WA Long-Term Care Trust Act first in the Nation!
This is great news—with the Senate passing the Long-Term Care Trust Act earlier this week, Washington will become the very first state with an insurance benefit to help pay for the costs of long-term care.
You may think long-term care is covered under Medicare, but that’s only true for low-income people, so in order to qualify for those services, you’d need to deplete your entire lifetime savings first. That does not make good economic-sense.
The Long-Term Care Trust Act is a benefit that you, as a worker, will pay into during your productive years that will keep you out of poverty in your golden years.
The benefit will first be payable in 2025. Workers will begin paying a premium of 58 cents per $100 of income in 2022, and vest after five years. The total benefit available would be nearly $37,000, which could be used toward a comprehensive array of long-term care services and supports. This includes in-home care, assisted living, a skilled nursing facility, or even paying a family member to help care for them. The benefit could also pay for meal delivery or construction of a wheelchair ramp.
Like the rest of the nation, Washington’s age demographics are shifting. The number of people needing long-term care services and supports continues to grow, while the number of family caregivers able to provide that care continues to shrink. As one of the sponsors of this legislation, I am convinced that The Long-Term Care Trust Act is the best way for our state to address this looming crisis.
100% Clean Energy State
In 2008, the Legislature committed Washington to reducing overall greenhouse gas emissions to 1990 levels.
Now, another historic measure committing the Evergreen state to 100-percent clean energy from renewable and zero-emission sources is very close to becoming law.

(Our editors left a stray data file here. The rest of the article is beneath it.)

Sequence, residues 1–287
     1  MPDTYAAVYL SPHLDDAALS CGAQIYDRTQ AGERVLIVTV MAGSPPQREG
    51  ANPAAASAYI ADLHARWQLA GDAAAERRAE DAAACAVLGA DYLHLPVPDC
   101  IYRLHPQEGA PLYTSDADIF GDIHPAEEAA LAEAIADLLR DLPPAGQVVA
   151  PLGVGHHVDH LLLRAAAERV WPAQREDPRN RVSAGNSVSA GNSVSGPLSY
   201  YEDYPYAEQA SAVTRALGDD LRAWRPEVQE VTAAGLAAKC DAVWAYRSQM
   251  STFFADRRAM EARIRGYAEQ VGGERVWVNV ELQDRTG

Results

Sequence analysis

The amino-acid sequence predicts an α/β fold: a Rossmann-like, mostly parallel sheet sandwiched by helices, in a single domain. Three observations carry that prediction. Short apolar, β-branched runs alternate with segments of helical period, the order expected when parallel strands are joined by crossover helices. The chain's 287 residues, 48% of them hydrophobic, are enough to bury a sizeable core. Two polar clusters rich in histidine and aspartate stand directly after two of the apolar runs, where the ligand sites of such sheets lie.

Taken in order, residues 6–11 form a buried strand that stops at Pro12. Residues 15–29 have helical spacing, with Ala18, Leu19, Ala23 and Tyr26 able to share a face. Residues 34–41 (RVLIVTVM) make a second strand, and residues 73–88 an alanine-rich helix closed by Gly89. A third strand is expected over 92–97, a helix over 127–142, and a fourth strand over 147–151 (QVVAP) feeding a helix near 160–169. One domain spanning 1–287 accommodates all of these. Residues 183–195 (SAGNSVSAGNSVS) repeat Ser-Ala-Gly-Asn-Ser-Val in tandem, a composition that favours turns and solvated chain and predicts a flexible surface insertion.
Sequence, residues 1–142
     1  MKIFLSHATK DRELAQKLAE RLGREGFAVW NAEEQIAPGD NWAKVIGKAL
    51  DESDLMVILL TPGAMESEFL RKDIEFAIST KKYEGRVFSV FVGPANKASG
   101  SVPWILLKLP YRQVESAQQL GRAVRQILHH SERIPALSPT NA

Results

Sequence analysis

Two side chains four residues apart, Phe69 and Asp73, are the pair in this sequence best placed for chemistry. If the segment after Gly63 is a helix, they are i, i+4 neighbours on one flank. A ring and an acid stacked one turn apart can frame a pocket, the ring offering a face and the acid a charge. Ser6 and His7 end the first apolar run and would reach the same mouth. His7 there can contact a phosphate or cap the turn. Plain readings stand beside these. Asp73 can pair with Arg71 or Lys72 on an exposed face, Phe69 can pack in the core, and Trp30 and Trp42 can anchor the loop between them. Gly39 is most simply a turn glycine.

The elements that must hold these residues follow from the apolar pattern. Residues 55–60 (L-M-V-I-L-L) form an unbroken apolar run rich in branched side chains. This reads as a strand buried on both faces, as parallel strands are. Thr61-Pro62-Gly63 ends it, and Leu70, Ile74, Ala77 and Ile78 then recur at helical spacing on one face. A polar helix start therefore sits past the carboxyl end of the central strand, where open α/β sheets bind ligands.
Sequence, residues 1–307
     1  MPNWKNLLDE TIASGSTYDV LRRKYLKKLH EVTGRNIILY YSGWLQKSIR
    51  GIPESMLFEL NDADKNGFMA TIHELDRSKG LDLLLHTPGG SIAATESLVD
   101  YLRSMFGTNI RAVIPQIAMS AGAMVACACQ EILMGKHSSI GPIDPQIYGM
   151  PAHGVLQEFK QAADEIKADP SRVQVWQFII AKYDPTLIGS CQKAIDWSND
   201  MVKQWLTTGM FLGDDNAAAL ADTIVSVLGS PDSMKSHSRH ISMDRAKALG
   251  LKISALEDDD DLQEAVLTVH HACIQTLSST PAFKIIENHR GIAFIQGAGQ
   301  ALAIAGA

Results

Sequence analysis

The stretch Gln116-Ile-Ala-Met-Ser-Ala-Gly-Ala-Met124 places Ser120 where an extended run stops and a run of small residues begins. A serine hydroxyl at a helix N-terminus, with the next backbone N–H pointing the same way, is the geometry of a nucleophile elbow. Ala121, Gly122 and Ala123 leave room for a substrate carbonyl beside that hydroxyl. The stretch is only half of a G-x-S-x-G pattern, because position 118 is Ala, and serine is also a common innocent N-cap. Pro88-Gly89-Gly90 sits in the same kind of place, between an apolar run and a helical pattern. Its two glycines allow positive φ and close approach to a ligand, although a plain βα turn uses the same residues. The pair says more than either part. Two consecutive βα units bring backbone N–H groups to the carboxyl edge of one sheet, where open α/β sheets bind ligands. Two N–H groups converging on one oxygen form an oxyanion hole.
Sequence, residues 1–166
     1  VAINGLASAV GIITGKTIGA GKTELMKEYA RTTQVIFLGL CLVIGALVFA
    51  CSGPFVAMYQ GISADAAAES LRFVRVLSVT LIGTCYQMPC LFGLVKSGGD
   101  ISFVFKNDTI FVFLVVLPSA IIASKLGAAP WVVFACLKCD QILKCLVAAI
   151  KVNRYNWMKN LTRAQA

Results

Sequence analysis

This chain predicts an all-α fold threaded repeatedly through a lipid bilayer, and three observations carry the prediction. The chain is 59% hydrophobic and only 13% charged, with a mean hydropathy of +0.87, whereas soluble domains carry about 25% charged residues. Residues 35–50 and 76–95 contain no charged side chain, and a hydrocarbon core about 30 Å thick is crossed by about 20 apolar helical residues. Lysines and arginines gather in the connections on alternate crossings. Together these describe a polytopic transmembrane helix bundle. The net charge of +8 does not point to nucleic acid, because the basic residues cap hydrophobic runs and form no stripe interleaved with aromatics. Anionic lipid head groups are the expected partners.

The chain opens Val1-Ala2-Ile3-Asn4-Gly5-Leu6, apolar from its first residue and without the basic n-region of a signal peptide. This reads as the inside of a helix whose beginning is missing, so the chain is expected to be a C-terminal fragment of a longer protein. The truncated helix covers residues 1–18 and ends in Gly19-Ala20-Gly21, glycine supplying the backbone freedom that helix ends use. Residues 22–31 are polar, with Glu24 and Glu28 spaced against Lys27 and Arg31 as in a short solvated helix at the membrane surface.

Last week, the House passed Senate Bill 5116, which requires all electric utilities in Washington to transition to a 100-percent, carbon-neutral electricity supply by 2030 and to 100-percent carbon-free electricity by 2045. Electricity remains the largest source of carbon emissions worldwide and is the third-highest emitting sector in Washington, after transportation and buildings.
This bill was negotiated with all of the stakeholders and I was pleased to be one of the sponsors of the House companion bill because I strongly believe we can build a thriving economy beyond coal and beyond fossil fuels. The people of Washington deserve a healthy and clean quality of life for generations to come.
Workforce Education Investment Act: Jobs and Opportunities for Washington Students
The Washington Workforce Education Investment Act, approved by the Finance Committee this morning, renames the State Need Grant as the Washington College Grant and expands the program dramatically to increase eligibility. There is still some more work to be done on this bill, however it makes important investments in services that connect students with degrees, certificates, and apprenticeships, leading to high-demand jobs like nursing, engineering, and computer science.
The bill funds these investments with a targeted surcharge on specific sectors that depend on higher education such as law, engineering, technology, and more. Some business leaders from these sectors, including Microsoft President Brad Smith, support and endorse this revenue package as a way to develop a skilled work force for high-demand and high-wage jobs.
Improving behavioral health is one key to alleviating homelessness
The House Democrats’ state operating budget proposal addresses behavioral health by making some of the most significant investments in a generation, which will make a noticeable impact on the ground in our state.
The budget prioritizes substance use disorder housing and recovery supports because the facts and research are clear: providing stable housing first is essential to health and recovery in the long-term. We couple those investments with funding for diversion and alternatives to jail programs, community and inpatient treatment, support for families, and investments in educational and employment opportunities for people in recovery.
Here’s a highlight of our behavioral health housing investments:
This legislative session will adjourn on April 28, that’s just in a couple of weeks, and this is when things move really quickly between chambers.
Remember you can keep up with everything we’re doing in Olympia through TVW, not only on your TV, but also online. Click on the image or scan the code for more information on how to access this great resource.
Thank you for reading my newsletter. I appreciated receiving all the feedback from all of you through the session. If you need more information on any of the issues discussed here, or on any other legislative matter, please don’t hesitate to contact my office.